As Jim Jeffries (star of Comedy Central’s eponymously named show that was just cancelled) said to conclude each episode, “…we can do better.” So how can we transform that idea into self reflection; a way to be a better person this holiday season (and afterwards too)?
As the season that ends this particular decade approaches, I’ve been thinking about that weekly send off.
Four, simple, light words that hold within them, the weight of the world. It’s a wish for all of us, not only to do better with others, but ourselves too.
This season bring a picturesque scene to mind. A fire crackles while All I want for Christmas is You plays, and the smell of homemade cookies fill the air. All around, you’re surrounded by warmth, comfort and love. This is an ideal setting, and for good reason. But let’s get real.
This time of year also brings intense reunions with family members. A heightened sense of grief, depression, or a reminder that you might not be able to celebrate the way you want. Either because you don’t have the funds, the family or the options.
The holidays can also be about good food, parties, and perfectly wrapped presents, yes. But there’s a deeper meaning we should extract from it. A lesson to shower people with love and time, instead of expensive things and share not just items off a list, but a deeper connection with each other. An opportunity to give back to others, and also to ourselves too.
here are some ways to be a better person this holiday season (and beyond):
Be present with people.
Put down the cell phones, and actually spend time with those around you. (In my opinion), it’s the easiest way to be a better person this holiday season and show people you care for them. If you’re married, or a in a serious relationship, put down the Netflix, and phones for one night. Instead, play this 36 question game to tighten your bond on another level.
We spend a lot of time during these months planning out gifts. Feverishly going out into the real world, (or virtual one) to procure said presents. Then becoming giddy with glee at the time of exchange. But what if this year, instead of gifts, you gave your time, and help to others who may need it more.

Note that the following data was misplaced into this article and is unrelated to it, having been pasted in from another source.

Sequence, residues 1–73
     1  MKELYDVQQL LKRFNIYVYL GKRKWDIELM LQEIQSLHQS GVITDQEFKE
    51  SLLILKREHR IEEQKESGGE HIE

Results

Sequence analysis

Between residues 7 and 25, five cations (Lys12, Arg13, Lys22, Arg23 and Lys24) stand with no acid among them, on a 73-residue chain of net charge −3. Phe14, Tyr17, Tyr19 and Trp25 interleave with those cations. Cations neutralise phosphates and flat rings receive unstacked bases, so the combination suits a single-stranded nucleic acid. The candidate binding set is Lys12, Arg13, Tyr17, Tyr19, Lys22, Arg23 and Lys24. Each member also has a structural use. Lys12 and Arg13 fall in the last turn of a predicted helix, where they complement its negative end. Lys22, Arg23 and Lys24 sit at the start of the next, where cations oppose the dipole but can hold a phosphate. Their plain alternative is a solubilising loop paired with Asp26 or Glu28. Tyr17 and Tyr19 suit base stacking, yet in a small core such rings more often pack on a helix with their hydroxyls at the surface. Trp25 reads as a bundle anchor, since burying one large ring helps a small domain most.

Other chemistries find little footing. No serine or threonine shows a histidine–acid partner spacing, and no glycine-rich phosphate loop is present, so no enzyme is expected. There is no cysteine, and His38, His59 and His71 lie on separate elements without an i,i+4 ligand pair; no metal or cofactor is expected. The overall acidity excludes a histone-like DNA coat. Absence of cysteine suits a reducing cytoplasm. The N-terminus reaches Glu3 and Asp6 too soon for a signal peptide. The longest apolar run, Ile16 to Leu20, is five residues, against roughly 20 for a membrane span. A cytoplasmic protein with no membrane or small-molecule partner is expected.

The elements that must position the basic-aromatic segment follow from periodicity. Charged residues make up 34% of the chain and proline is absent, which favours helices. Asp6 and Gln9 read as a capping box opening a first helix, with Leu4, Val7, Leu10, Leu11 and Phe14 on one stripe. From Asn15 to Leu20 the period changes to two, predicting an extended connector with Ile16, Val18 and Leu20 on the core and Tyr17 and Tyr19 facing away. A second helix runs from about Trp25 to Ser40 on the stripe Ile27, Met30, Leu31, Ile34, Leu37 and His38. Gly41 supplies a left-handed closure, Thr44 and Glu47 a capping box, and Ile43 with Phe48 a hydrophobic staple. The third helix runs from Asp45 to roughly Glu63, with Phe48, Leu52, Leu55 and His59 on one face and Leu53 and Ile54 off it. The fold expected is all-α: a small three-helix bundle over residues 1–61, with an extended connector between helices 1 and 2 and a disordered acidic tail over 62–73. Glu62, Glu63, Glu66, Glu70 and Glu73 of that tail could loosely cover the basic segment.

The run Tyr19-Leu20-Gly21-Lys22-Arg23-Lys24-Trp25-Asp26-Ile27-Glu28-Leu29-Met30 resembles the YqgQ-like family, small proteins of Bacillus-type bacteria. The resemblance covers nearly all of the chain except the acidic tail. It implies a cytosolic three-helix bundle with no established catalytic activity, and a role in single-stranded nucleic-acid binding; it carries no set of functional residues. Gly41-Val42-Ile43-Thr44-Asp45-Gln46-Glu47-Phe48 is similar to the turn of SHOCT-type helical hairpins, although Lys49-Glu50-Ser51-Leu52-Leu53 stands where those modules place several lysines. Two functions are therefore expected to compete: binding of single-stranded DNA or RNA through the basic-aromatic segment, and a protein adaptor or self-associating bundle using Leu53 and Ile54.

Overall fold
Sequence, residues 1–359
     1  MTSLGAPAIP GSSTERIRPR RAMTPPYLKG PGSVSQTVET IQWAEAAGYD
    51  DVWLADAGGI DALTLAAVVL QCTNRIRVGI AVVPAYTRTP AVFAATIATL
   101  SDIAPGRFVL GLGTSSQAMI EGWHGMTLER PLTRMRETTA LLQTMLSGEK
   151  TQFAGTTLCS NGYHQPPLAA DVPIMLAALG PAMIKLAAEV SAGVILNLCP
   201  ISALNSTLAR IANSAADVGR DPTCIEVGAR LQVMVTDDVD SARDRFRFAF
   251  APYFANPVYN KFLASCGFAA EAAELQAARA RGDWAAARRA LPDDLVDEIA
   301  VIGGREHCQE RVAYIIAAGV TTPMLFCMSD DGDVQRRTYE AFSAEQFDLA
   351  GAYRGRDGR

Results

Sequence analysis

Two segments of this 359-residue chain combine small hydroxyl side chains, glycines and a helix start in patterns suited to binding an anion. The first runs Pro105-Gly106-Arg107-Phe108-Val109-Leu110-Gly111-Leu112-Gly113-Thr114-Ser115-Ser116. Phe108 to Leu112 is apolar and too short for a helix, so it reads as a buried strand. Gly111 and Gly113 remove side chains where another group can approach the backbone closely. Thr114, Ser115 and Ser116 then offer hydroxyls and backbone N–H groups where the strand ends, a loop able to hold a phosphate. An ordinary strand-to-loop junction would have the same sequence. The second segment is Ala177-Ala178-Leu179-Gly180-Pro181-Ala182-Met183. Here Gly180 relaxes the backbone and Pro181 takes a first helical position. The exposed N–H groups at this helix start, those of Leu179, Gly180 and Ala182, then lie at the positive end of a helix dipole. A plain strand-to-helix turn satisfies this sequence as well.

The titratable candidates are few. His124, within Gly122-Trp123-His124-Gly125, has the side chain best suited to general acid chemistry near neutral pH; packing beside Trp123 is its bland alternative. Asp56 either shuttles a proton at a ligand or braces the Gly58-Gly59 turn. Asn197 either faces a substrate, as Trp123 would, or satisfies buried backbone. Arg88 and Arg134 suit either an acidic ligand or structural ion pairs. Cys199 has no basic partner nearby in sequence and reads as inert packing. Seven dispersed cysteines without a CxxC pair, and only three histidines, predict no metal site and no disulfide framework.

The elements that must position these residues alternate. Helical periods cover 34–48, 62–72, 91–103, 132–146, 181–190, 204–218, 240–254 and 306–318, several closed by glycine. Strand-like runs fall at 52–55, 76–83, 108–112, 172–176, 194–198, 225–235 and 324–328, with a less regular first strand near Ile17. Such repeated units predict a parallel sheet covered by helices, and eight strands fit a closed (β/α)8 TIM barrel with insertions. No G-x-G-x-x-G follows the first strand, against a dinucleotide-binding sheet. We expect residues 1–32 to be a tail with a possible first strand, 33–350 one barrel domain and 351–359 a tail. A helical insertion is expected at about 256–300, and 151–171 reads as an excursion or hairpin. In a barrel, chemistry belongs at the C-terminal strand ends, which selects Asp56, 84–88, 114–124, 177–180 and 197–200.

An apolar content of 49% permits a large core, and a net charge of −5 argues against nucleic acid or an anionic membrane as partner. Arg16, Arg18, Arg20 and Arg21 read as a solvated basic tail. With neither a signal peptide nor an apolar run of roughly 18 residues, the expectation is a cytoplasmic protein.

Even if you only wind up doing it during this time of year, it still counts. Here’s a list of some volunteer opportunities around New York City for the holiday season.
I also love this Operation Santa USPS program which allows you to ‘adopt’ letters from children to Santa, and fulfill their wishes.
Give good hugs.
It’s been proven that hugging someone has not only loving, but real healing properties. Wrapping your arms around someone for a few moments isn’t only a physical way to show your feelings. It can literally make someone feel loved. Who wouldn’t want to gift someone with that feeling. During the holidays, or any day of the year. So this year, skip the cheek kisses and go straight for a big, bear hug.
Send letters instead of holiday cards.
When was the last time you wrote an actual letter, or got one in the mail from someone you know? Probably not for a very long time. But I wish letter writing would come back into style. It’s an inexpensive way (Whatever the cost of a stamp these days) to tell someone you give a crap. Remember how good it felt the last time you did see a hand written letter in your mailbox. Studies show it’s not just rewarding for the receiver.
Letter writing can also have a powerful effect on the writer themselves. So this year, instead of holiday cards (or at least in addition to) send some letters out to friends or family. It can be on expensive stationary or a legal pad, just write or share something with someone.
Spend quality time with others.
It’s the busiest time of year for many. Endless office and holiday parties. But this year, try to be more mindful of where you spend your time. Make space in your month to see an old friend. Visit a family member you don’t see very often, a friend you never get to see, or most important, spend time with yourself.
Being lonely, especially during the holidays is not always easy. But spending time alone is an act of self care that should be embraced at all times. Even during the holiday season.
Write a list of gratitude.
It’s been proven that gratitude, when practiced repeatedly can have a profound effect on someone’s well being. It makes you feel better but it can also, in a sense, make you a better person. Being grateful for what you have doesn’t just make you more mindful, it also makes you treat others better.
When you can appreciate the small things in life, you in turn, express more joy. It just happens. And who doesn’t want to be around someone who’s in a good mood, especially during the most wonderful time of the year?
How will you be a better person this holiday season?